For those with food sensitivities who are unable to drink cow, goat, or sheep milk, there are other alternatives. In addition to milking her East Friesian sheep, Angelia Silvera of Gods Blessing Farm in Niota, Tennessee, started milking donkeys more than a year ago because of her health problems.
“Donkey milk has healed my stomach and digestive issues, and cured food allergies so I can eat many foods I thought I’d never enjoy again,” she explains. She originally bought donkeys as guardians for her poultry, and then she ran across information online about milking them. She had two pregnant jennies, and after they had their babies, she started milking them. She now has five jennies and a jack for breeding.
Since donkeys have not been selectively bred as milk producers, they don’t produce a lot. Standard size and mammoth donkeys give about a quart a day, with miniature donkeys producing less. However, “with careful and creative management I was even able to get a quart a day from my 40-inch, small standard jenny.” They can maintain lactation for eight months to a year.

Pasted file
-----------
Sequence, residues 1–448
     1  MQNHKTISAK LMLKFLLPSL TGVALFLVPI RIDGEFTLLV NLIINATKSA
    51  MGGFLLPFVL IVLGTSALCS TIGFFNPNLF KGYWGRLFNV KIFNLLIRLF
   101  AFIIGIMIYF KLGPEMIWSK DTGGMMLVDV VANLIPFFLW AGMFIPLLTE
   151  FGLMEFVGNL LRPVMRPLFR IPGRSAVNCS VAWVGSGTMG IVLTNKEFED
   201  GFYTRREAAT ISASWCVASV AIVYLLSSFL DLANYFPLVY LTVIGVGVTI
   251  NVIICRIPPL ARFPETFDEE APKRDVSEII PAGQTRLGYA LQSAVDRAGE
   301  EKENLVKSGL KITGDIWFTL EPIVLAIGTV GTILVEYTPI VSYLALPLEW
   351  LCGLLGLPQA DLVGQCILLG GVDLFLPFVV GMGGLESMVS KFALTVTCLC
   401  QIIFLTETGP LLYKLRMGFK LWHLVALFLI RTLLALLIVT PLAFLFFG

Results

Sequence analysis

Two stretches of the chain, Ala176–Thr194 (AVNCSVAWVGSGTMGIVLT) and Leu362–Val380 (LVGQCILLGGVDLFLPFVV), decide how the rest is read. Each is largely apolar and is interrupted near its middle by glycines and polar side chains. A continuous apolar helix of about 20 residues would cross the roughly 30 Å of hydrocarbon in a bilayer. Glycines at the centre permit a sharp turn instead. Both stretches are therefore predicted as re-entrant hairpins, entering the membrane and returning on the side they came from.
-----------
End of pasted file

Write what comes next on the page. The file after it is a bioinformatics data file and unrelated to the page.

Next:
Angelia has milked sheep and goats in the past and said that their teats are similar. Miniature donkey teats are about the same size as Nigerian dwarf goats, and the standard and mammoth donkeys have teats more like the standard sized goats.
Although donkey milk has too little casein in it to be used for making cheese, it can be used in cooking and to make soap.
In addition to using donkeys for milk and as livestock guardians, they can also be used for riding or pulling a cart or farm implements, making them a multi-purpose addition to the homestead.
This is an excerpt from Homegrown and Handmade: A Practical Guide to More Self-Reliant Living, second edition.
Angelia also happens to be one of the presenters at the HomeGrown Food Summit where she’ll give you more details about how she milks her donkeys and uses their milk!
Never miss a post!
Subscribe to receive our weekly newsletter, discounts on classes, & other bonuses.